Hoggard makes most of enforced break in play

England pace man's confidence returns as Australia power back to top of one-day table while New Zealand and India set Test record
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As England's most successful bowler in 2002 with 46 wickets Matthew Hoggard should be looking forward to a nice relaxing Christmas, safe in the knowledge that his career is moving in the right direction. However, after being dropped for the Perth Test and the pre-Christmas round of one-day matches because it was felt he had lost confidence, the Yorkshire pace bowler finds his immediate international future in the precarious hands of the selectors.

With selection for the Boxing Day Test in Melbourne and England's 15-man World Cup squad to be announced in the next few days, Hoggard's festive season could be either happy or hollow. "It is going to be an apprehensive and strange Christmas," he said. "I have never had nets on Christmas Day before and that will be strange, but hopefully it is going to be a happy one. Hopefully I can get my Test place back and I will be doing all that I can to achieve this. I don't think I could have done any more than I did in Perth."

For it is in Western Australia that Hoggard and the other six Test players whose services were not required during the VB Series have spent the last fortnight preparing for this week's Test and, in an effort to win his place back, the 25-year-old has been looking to his Australian opponents for some tips.

"When I was in Perth Duncan Fletcher [the England coach] sent me a copy of a statement that Glenn McGrath made," he said. "It was about the way he thinks about his bowling, the way he trains and his mental approach.

"On the technical side we looked at Jason Gillespie when we worked on my run-up. He has a short run-up where everything is tight, close in and up taller. I have shortened my run up from 23 to 19 paces to make me feel taller, stronger and more compact at the crease. Even though I will look absolutely nothing like him it feels that everything is there at the moment for me. I have worked hard in the nets with [the England bowling coach] Graham Dilley and we have got it right."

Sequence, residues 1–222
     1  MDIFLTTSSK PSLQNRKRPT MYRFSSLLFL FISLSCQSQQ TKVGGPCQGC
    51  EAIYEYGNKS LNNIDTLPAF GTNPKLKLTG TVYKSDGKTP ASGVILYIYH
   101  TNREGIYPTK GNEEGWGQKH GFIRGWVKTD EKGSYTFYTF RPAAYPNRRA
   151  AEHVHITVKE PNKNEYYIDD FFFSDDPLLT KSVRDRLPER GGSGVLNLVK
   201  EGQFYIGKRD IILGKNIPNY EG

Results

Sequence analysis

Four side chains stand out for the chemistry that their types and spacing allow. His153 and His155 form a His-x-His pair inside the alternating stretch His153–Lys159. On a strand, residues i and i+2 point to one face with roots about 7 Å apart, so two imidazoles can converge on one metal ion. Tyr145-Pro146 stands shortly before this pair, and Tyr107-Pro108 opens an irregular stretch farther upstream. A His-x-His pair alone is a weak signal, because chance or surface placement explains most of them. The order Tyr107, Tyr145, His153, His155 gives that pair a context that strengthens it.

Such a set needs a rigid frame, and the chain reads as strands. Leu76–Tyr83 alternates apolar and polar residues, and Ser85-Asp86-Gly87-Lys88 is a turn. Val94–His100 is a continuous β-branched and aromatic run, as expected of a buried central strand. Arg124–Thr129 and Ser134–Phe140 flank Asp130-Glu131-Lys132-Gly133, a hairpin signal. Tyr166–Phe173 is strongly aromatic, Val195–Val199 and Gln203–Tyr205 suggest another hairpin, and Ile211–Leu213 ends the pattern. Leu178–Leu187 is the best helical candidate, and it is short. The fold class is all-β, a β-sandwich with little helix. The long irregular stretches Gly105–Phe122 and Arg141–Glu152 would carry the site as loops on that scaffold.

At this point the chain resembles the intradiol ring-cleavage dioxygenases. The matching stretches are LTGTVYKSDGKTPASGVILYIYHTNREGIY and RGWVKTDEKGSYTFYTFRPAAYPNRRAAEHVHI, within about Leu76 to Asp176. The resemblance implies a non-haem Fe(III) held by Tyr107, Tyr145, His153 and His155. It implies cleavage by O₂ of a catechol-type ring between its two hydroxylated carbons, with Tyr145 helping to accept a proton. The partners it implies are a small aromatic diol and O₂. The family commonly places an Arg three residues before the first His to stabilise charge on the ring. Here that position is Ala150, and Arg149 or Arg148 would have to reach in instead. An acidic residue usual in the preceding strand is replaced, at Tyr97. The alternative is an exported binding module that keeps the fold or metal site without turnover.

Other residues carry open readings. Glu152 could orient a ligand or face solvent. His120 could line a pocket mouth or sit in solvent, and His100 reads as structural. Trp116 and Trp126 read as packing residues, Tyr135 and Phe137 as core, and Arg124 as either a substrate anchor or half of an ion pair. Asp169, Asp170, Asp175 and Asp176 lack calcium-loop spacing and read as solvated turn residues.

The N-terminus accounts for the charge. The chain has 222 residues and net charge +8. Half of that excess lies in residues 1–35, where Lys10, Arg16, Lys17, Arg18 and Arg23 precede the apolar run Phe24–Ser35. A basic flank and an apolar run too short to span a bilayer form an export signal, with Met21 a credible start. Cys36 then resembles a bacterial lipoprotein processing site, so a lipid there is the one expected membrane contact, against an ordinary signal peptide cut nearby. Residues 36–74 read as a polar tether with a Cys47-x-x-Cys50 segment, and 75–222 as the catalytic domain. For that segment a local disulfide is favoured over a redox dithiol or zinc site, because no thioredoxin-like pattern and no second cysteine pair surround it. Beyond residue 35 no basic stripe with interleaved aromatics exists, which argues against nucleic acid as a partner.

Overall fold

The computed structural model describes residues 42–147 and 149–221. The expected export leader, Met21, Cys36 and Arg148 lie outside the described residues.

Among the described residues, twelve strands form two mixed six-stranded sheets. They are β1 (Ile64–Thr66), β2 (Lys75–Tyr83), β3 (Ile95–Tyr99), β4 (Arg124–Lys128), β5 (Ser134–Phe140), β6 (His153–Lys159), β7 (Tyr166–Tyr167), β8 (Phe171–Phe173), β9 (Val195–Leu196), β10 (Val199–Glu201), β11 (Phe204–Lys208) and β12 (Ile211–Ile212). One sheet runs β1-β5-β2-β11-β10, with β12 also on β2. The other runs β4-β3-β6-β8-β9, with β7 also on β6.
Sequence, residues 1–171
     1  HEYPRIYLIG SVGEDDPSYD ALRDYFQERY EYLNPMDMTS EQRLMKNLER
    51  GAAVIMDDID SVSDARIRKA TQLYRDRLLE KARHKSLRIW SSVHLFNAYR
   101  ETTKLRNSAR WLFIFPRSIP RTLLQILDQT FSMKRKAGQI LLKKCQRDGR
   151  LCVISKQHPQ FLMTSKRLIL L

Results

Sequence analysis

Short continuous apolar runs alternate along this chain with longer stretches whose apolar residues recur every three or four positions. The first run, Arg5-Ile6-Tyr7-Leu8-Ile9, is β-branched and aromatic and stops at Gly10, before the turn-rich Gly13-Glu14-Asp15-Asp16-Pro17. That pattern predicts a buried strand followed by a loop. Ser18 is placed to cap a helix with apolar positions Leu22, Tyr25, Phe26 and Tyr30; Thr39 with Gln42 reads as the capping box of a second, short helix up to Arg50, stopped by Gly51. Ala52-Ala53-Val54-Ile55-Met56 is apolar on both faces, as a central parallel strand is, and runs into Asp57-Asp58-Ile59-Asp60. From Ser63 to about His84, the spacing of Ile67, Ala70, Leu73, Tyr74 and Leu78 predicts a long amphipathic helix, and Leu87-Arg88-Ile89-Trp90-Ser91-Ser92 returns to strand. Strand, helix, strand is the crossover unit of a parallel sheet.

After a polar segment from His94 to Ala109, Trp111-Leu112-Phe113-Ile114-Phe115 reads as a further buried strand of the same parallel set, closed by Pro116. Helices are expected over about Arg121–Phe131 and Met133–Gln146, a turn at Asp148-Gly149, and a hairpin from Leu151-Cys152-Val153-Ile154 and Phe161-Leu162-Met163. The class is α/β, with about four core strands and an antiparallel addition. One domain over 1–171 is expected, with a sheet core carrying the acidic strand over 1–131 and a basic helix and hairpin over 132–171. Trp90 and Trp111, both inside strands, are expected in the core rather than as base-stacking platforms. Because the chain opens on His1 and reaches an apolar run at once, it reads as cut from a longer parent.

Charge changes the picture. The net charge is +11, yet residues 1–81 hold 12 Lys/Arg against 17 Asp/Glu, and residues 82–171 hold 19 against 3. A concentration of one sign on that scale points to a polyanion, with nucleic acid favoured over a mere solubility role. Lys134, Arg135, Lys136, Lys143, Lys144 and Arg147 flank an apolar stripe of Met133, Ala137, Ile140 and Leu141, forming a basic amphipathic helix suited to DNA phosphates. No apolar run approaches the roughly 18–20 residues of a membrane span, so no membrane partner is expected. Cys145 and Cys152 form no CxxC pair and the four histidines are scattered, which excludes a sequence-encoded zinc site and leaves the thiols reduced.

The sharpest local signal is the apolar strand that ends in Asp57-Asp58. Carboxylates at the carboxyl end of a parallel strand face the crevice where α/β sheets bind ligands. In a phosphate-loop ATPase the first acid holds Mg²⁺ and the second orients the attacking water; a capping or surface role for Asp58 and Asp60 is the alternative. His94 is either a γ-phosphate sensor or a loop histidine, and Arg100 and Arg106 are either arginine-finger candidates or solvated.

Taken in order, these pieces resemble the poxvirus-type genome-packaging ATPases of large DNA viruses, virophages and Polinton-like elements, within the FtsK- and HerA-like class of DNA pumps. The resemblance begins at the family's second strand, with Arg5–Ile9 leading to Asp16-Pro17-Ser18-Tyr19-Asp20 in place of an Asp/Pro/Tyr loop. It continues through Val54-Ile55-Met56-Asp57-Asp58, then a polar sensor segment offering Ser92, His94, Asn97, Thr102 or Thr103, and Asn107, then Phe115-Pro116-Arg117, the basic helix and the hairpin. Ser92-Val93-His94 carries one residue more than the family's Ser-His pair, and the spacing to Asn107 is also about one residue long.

While the opposition were not as testing as he has previously faced, such confidence has been backed up by figures of 8 for 119 during the warm-up game against the National Academy last week in Perth.

If Hoggard makes the Test XI on Boxing Day there will be one change in the side he faces. Following Shane Warne's shoulder dislocation the Australian selectors have called up their No 2 leg-spinner, Stuart MacGill.

As a citizen of any other country, the New South Welshman would have played far more than his 17 Test matches. With 81 wickets MacGill has taken his opportunities when they have arisen, but he has had to be content to play second fiddle to the great man.

"Any team missing a superb bowler like Warne, whose record speaks for itself, is going to find it a big loss," said Hoggard on hearing of MacGill's selection. "It is the name that gets him a lot of wickets so they are going to miss him. It is going to be a psychological boost to us, because who would you rather face – MacGill or Warne – and a downer for them. And every little helps on this tour."

Hoggard's research into bowlers may not have gone as far as it should because MacGill's record against England – 27 wickets in four Tests at an average of 17.7 – is better than Warne's.

* The Shadow Foreign Secretary Michael Ancram has sent a letter to the England captain Nasser Hussain urging him to refuse to play in Zimbabwe, saying it would "morally, humanly and rationally wrong" to play there in the World Cup.